You know what’s neat about Steam Early Access? Players really can engage in an open dialogue with developers—watching games grow and change, and often influencing that progress. It’s like Minecraft in the old days. Games as spaces of open possibility. Game development as a visible, comprehensible, demystified process. Game developers as responsive humans rather than enigmatic demigods. All that.

So on that note, I’ve been messing around with the Early Access alpha version of Secrets of Rætikon, Broken Rules’ new hold-Alt-and-enter-145-to-type-it-prpoerly game of exploration, flight, and getting torn to shreds by buzzards and foxes—and when I reached out to one of the game’s developers to discuss what’s left to be done, he cheerfully offered me a quick, candid email interview.


Drew M-M: What do you still plan to add to the game’s ecosystem? Is there a particular place in that ecosystem, or on the food chain, to which players should feel like they belong?

Martin Pichlmair: The current ecosystem consist[s] of predators and prey. There are hunters like the buzzards that will attack you while other animals like the robins will ignore you or even flee from you. We have many plans for making the ecosystem even more nuanced and adding new animals but it all depends on the success of the Early Access launch.

DMM: When the player dies, they lose their resources and have to go and recover them. It’s sort of like losing your rings in a Sonic game, but by way of Dark Souls. What was the thinking behind that mechanic?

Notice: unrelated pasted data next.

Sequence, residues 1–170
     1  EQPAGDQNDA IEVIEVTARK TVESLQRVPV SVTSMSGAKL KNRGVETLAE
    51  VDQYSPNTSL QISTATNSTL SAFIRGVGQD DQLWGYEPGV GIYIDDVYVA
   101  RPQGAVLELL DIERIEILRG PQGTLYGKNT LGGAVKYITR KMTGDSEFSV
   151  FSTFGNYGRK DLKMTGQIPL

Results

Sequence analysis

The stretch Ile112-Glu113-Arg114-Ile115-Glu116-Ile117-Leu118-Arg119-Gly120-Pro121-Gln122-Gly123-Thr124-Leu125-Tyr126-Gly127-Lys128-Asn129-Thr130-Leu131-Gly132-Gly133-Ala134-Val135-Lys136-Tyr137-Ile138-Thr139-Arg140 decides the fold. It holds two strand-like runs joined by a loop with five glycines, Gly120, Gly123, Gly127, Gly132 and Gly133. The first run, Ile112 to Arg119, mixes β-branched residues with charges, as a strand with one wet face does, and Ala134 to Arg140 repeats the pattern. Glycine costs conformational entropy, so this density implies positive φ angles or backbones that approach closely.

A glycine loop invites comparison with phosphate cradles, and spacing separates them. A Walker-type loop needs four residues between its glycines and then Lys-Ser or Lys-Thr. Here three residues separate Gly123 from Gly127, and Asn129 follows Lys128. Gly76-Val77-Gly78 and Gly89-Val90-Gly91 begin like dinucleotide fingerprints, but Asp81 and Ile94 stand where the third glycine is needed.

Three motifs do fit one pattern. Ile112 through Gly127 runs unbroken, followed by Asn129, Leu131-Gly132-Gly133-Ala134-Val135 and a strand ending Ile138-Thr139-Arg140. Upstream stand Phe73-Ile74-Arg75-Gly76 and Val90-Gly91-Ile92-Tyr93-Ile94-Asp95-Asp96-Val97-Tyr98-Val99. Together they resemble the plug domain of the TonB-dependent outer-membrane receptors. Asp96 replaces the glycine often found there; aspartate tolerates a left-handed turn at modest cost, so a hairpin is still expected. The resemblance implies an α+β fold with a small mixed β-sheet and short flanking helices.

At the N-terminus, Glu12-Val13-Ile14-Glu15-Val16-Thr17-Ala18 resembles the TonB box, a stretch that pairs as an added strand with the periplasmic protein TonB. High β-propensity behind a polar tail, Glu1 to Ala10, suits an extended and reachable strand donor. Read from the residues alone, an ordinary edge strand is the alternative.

MP: The ruthlessness of nature was one of our three main inspirations for the gameplay. We’ve tested permadeath as well as a totally forgiving checkpoint system and settled on something in-between. Me, I’m a huge Dark Souls fan (actually a Demon’s Souls veteran) but Peter, who proposed the current system, actually never played Dark Souls.

DMM: The flying in Secrets of Rætikon feels pretty different from the flying in Chasing Aurora. Can you talk at all about what tweaks or changes you made from one game to the next?

MP: We’ve changed the flight physics quite a lot since Chasing Aurora. The main goal was to make flying easier. In Chasing Aurora we thought it was clever to teach the player how to fly by punishing bad flight. This time we just want to reward everyone who flies elegantly. Also, the higher processing power of PCs [as opposed to the Wii U] allows finer tuned physics simulation. We’ve invested a lot of time into the flight model and we’re still learning how to make it perfect. I think we’re getting there, though.

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